One study showed that taking a high dose of GLA supplements significantly reduced a number of symptoms of rheumatoid arthritis (38).

Another interesting study found that taking GLA supplements in addition to a breast cancer drug was more effective at treating breast cancer than the drug alone (39).

Omega-9 fatty acids are monounsaturated, meaning they only have one double bond.


It is located nine carbons from the omega end of the fatty acid molecule.


Oleic acid is the most common omega-9 fatty acid and the most common monounsaturated fatty acid in the diet.

Omega-9 fatty acids aren’t strictly essential, meaning they can be produced by the body. In fact, omega-9 fats are the most abundant fats in most cells in the body.

However, consuming foods rich in omega-9 fatty acids instead of other types of fat may have a number of beneficial health effects.

One large study found that high-monounsaturated fat diets could reduce plasma triglycerides by 19% and bad very-low-density-lipoprotein (VLDL) cholesterol by 22% in patients with diabetes (41).

Another study found that feeding mice diets high in monounsaturated fat improved insulin sensitivity and decreased inflammation (42).

The same study found that humans who ate high-monounsaturated fat diets had less inflammation and better insulin sensitivity than those who ate diets high in saturated fat (42).

You can easily obtain omega-3, -6 and -9 fatty acids from your diet.


However, it is important to get the right balance of each. The Western diet contains far more omega-6 fats than necessary, and not enough omega-3 fats.

Here is a list of foods that are high in omega-3, -6 and -9 fatty acids.


The best source of omega-3 EPA and DHA is oily fish.


However, you can also obtain these omega-3s from other marine sources, such as algal oils. ALA, on the other hand, is mainly obtained from nuts and seeds.

There are no official standards for daily omega-3 intake, but various organizations offer guidelines.

According to the Food and Nutrition Board of the US Institute of Medicine, the adequate intake of omega-3s per day is 1.6 grams for men and 1.1 grams for women, for adults 19 years and over (43).

Here are the amounts and types of omega-3s in one serving of the following foods:


Omega-6 fats are found in large amounts in refined vegetable oils and foods cooked in vegetable oils.

Nuts and seeds also contain significant amounts of omega-6 fatty acids.


According to the Food and Nutrition Board of the US Institute of Medicine, the adequate intake of omega-6s per day is 17 grams for men and 12 grams for women, for adults from 19–50 years old (43).

Here are the amounts of omega-6s in 100 grams (3.5 oz) of the following foods:


As you can see, it is very easy to get more than enough omega-6s through your diet.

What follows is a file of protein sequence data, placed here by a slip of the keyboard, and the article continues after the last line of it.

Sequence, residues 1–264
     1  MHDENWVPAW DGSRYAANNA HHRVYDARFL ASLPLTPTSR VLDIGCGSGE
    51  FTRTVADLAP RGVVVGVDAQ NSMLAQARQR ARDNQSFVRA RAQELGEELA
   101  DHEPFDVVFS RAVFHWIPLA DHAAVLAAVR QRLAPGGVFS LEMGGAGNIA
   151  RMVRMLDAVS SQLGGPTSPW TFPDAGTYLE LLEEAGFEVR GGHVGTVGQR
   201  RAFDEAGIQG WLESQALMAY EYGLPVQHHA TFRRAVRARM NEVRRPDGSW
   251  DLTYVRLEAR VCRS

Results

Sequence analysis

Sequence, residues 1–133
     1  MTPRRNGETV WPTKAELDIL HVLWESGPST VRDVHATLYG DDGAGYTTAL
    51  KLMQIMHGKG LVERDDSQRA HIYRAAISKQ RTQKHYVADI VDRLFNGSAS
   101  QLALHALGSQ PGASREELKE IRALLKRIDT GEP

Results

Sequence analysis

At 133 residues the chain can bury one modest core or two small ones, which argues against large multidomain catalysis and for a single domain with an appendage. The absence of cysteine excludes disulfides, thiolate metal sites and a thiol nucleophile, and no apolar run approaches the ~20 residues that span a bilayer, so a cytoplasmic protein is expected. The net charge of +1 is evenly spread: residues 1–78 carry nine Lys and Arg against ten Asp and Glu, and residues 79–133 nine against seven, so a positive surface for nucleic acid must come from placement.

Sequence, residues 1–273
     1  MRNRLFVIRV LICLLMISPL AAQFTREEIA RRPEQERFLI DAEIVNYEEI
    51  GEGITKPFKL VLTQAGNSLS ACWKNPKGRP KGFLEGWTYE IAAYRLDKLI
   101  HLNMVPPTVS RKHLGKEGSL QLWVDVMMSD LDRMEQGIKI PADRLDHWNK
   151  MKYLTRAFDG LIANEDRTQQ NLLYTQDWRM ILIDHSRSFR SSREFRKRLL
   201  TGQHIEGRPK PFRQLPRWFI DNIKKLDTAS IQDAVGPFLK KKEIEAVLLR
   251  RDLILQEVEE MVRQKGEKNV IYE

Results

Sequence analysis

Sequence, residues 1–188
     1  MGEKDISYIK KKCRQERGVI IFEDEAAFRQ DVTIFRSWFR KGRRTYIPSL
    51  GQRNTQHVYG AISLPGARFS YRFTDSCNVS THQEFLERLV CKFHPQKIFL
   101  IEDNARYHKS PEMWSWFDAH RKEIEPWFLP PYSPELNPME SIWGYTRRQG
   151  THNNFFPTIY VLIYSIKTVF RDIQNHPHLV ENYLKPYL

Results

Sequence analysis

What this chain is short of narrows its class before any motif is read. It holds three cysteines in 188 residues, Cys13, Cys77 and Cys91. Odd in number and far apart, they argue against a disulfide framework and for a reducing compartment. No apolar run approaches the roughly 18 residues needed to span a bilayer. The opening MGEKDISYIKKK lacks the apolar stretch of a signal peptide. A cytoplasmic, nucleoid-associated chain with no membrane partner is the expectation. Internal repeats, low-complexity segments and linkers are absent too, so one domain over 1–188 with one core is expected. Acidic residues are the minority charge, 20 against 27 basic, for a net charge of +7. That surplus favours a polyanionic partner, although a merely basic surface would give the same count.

Omega-9 fats are also common in vegetable and seed oils, as well as nuts and seeds.


There are no adequate intake recommendations for omega-9s, since they are non-essential.

Here are the amounts of omega-9s in 100 grams of the following foods:


Combined omega-3-6-9 supplements usually provide each of these fatty acids in suitable proportions, such as 2:1:1 for omega-3:6:9.

Such oils can help increase your intake of omega-3 fats, which should be consumed more in the Western diet.

In addition, these oils provide a healthy balance of fatty acids so that the balance of omega-6 to omega-3 is less than 4:1.

However, since most people already consume too many omega-6s, and omega-9s are produced by the body, there is no general need to supplement with these fats.

Therefore, it is best to focus your diet on getting a good balance of omega-3, -6 and -9 fatty acids. This should involve eating at least two portions of oily fish per week and using olive oil for cooking and in salad dressing.

In addition, try to limit omega-6 intake by limiting your consumption of other vegetable oils and fried foods that have been cooked in refined vegetable oils.

If you do not get enough omega-3s in your diet, it is best to take an omega-3 supplement alone rather than a combined omega-3-6-9 supplement.

Much like other oils, polyunsaturated fatty acids are easily oxidized when exposed to heat and light.

Therefore, if you’re buying an omega-3-6-9 supplement, choose one that is cold pressed. This means the oil has been extracted with limited heat, minimizing the oxidization that can damage the fatty acid molecules.

To ensure you are taking a supplement that isn’t oxidized, choose one that contains an antioxidant such as vitamin E.

Additionally, select a supplement with the highest omega-3 content — ideally more than 0.3 grams per serving.

Furthermore, since EPA and DHA have more health benefits than ALA, choose a supplement that uses fish oil or algal oil, rather than flaxseed oil.

Although combined omega-3-6-9 supplements have become very popular, they generally provide no additional benefit over taking omega-3 alone.

Omega-6s are essential in certain quantities, but they are in many foods and people following a Western diet already consume too many of them.